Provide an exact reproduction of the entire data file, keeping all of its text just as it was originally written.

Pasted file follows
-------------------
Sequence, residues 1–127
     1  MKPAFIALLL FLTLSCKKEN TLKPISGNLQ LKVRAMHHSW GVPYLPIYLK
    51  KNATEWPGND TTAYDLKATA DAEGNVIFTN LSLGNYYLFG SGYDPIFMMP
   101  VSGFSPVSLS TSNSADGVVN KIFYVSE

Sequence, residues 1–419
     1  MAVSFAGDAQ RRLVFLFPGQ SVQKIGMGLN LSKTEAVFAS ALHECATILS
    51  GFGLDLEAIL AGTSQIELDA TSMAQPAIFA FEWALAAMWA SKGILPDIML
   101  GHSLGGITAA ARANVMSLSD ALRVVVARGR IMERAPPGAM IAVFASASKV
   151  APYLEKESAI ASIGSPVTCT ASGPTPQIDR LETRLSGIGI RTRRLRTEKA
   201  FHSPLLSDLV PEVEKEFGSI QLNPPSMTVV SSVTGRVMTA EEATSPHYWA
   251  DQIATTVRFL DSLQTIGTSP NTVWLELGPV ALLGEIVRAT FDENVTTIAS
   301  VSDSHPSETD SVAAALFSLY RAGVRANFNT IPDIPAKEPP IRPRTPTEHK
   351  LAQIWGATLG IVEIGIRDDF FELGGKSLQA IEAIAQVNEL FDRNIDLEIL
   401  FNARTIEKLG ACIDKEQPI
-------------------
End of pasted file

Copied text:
Sequence, residues 1–127
     1  MKPAFIALLL FLTLSCKKEN TLKPISGNLQ LKVRAMHHSW GVPYLPIYLK
    51  KNATEWPGND TTAYDLKATA DAEGNVIFTN LSLGNYYLFG SGYDPIFMMP
   101  VSGFSPVSLS TSNSADGVVN KIFYVSE

Sequence, residues 1–419
     1  MAVSFAGDAQ RRLVFLFPGQ SVQKIGMGLN LSKTEAVFAS ALHECATILS
    51  GFGLDLEAIL AGTSQIELDA TSMAQPAIFA FEWALAAMWA SKGILPDIML
   101  GHSLGGITAA ARANVMSLSD ALRVVVARGR IMERAPPGAM IAVFASASKV
   151  APYLEKESAI ASIGSPVTCT ASGPTPQIDR LETRLSGIGI RTRRLRTEKA
   201  FHSPLLSDLV PEVEKEFGSI QLNPPSMTVV SSVTGRVMTA EEATSPHYWA
   251  DQIATTVRFL DSLQTIGTSP NTVWLELGPV ALLGEIVRAT FDENVTTIAS
   301  VSDSHPSETD SVAAALFSLY RAGVRANFNT IPDIPAKEPP IRPRTPTEHK
   351  LAQIWGATLG IVEIGIRDDF FELGGKSLQA IEAIAQVNEL FDRNIDLEIL
   401  FNARTIEKLG ACIDKEQPI